BBB carries Fontignac as their other ECI line. Both Fontignac and Staub are under the Zwilling umbrella. Staub probably does the manufacturing for the Fontignac brand.

I've no personal experience with Fontignac, but Staub products are excellent.

Nov 04, 2013
Molly James in Cookware

Temp-taions bakeware

HI, dixiegal.

Are you familiar with the QVC Community Temptations forum?
http://community.qvc.com/forums/tempt...

I have no personal experience with Temptations, but know of the piece you're interested in. The first time I saw it, it reminded me of a set of casseroles I had in the late 70's or early 80's, made by Anchor Hocking/Fire King, I think. They were clear and the lids could also be used as trays. Loved the concept. Lost them in a move, but really enjoyed using them because of the versatility. Still miss them all these years later.

If you get the piece, please let me know what you think about
it.

Feb 19, 2013
Molly James in Cookware

le creuset 5qt multi-pot

Thanks, cutipie!

I hope you get your toy and now thanks to you, I may get one as well!

Dec 24, 2012
Molly James in Cookware

le creuset 5qt multi-pot

Can you please clarify the sale at cutleryandmore.com? I usually get sale notifications and didn't receive one for the 20% off sale you posted about nor is it listed on their website.

The last notification I remember getting was for 20% off Wusthof knives and that was a few weeks ago.

Dec 24, 2012
Molly James in Cookware

Do older Kitchenaid mixer attachments work with a new mixer?

Does your question relate to hub attachments? If yes, then they should fit.

If your question relates to things like bowls, beaters, etc. they tend to be model specific. I don't think, for example a bowl or beater from a 4C will fit any of the newer models.

Your question reminds me how much I miss the old KA Conversations forums. Kitchenaid shut it down a few years ago and moved to a Facebook page. It's a very different environment, but may be helpful to you if pose questions to a KA rep.

Dec 01, 2012
Molly James in Cookware

Confused about cutting boards

I condition by oiling it once a day for the first week and then put a mix of oil/beeswax on it. It just took me a bit to get started doing that.

I'm sure it would be fine to use after oiling once or twice. (I think that's the general recommendation).

Jul 09, 2012
Molly James in Cookware

Confused about cutting boards

I did a lot of research here and at kitchen knife forums looking for a good cutting board and I recently received my first Boardsmith, in walnut. I'm still conditioning it and it's so far unused, but I have to say that it is a thing of beauty and craftsmanship and that's just for a stock piece! The craftsmanship truly reminds me of old school furniture makers -those that took pride in their work and had it reflected in what they made. That's high praise from me.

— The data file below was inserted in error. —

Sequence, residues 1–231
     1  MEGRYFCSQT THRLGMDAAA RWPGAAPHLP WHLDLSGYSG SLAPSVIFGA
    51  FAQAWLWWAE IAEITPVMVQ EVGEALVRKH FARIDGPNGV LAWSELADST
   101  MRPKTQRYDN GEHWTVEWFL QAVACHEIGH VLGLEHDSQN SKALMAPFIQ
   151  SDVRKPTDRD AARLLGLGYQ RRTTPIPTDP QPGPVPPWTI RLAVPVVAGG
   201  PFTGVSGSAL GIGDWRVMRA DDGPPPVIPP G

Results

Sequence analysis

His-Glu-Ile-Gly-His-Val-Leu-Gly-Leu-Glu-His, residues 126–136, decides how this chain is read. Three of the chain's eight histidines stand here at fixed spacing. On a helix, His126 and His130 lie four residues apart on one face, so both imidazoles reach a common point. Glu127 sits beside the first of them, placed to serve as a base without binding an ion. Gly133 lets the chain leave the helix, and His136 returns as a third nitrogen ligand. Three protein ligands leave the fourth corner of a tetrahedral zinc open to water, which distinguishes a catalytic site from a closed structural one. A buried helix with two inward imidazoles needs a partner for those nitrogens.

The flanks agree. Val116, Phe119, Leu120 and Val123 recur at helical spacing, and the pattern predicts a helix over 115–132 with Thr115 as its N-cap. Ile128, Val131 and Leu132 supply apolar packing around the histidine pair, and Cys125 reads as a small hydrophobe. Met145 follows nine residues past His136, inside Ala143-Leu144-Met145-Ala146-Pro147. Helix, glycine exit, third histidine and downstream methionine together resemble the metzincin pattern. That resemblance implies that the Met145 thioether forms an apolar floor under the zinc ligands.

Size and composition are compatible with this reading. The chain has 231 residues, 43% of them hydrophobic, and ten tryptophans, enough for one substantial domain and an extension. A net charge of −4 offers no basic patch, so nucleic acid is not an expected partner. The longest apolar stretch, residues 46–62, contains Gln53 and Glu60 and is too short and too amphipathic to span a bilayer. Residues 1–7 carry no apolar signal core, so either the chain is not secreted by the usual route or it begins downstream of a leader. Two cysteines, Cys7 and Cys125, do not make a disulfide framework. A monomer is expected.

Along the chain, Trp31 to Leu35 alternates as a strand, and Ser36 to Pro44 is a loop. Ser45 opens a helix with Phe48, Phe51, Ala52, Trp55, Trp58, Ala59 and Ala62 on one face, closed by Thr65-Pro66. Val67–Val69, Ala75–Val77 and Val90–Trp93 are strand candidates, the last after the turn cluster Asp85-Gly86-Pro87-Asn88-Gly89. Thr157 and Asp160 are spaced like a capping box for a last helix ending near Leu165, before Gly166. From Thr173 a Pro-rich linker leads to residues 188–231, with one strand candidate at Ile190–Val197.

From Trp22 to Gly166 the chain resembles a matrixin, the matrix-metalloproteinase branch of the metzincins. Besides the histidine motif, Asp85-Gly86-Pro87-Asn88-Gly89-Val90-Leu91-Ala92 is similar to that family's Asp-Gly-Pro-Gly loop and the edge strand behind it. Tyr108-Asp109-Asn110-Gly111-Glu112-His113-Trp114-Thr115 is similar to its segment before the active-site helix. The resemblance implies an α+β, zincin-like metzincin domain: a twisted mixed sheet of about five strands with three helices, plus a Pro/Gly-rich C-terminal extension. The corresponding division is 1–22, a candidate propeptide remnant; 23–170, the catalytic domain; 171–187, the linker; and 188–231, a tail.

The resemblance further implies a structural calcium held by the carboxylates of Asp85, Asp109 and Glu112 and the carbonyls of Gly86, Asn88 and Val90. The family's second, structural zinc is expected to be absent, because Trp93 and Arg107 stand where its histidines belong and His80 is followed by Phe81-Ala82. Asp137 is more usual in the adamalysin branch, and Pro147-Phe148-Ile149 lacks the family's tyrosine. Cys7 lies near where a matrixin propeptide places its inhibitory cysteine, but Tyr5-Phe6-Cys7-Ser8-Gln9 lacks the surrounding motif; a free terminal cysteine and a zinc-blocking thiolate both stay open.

Based on all the good reviews Boardsmith gets, I'm sure I'm going to be very happy using it. My only regret is not getting something custom designed, but I think that can be remedied.

Jul 09, 2012
Molly James in Cookware

Vintage Kitchenaid Metal Meat Grinder

I agree going into a gun shop may be intimidating for some, but for some of us, a gun shop may be hard to find. I live in Chicago and although I know the laws of gun ownership have changed a bit in the past few years, I believe gun shops are still prohibited in the city. I could be wrong, of course.

Mar 24, 2012
Molly James in Cookware

Vintage Kitchenaid Metal Meat Grinder

Thanks for the assurances the plates look like as they should.

The grinder was a thrift store find. I almost didn't even look in the box because it was in such horrible (dirty, greasy, musty smelly) condition, but two aisles over, I decided to go back and take a look. I'm glad I did, because what was inside was in pretty good condition.

Sueatmo, I have no idea how old my grinder is. I didn't even think about it missing the pusher until I started researching it on ebay. I have an old maple muddler that I intend on redirecting to use as the pusher. I may even see if I can find something in stainless steel that I won't have to worry about.

I'm excited to try out the grinder, but it will have to wait a tad. My mixer is on loan for a few more weeks.

Mar 24, 2012
Molly James in Cookware

Vintage Kitchenaid Metal Meat Grinder

The automotive department has those brushes, too. I picked up a couple last summer and the unused one has now been diverted to the kitchen.

Mar 24, 2012
Molly James in Cookware

Vintage Kitchenaid Metal Meat Grinder

Yes, oxidation is rust and I misspoke. I meant and should have said orange colored, pitting rust. The plates and blade are totally smooth, and are a very light grey.

Mar 23, 2012
Molly James in Cookware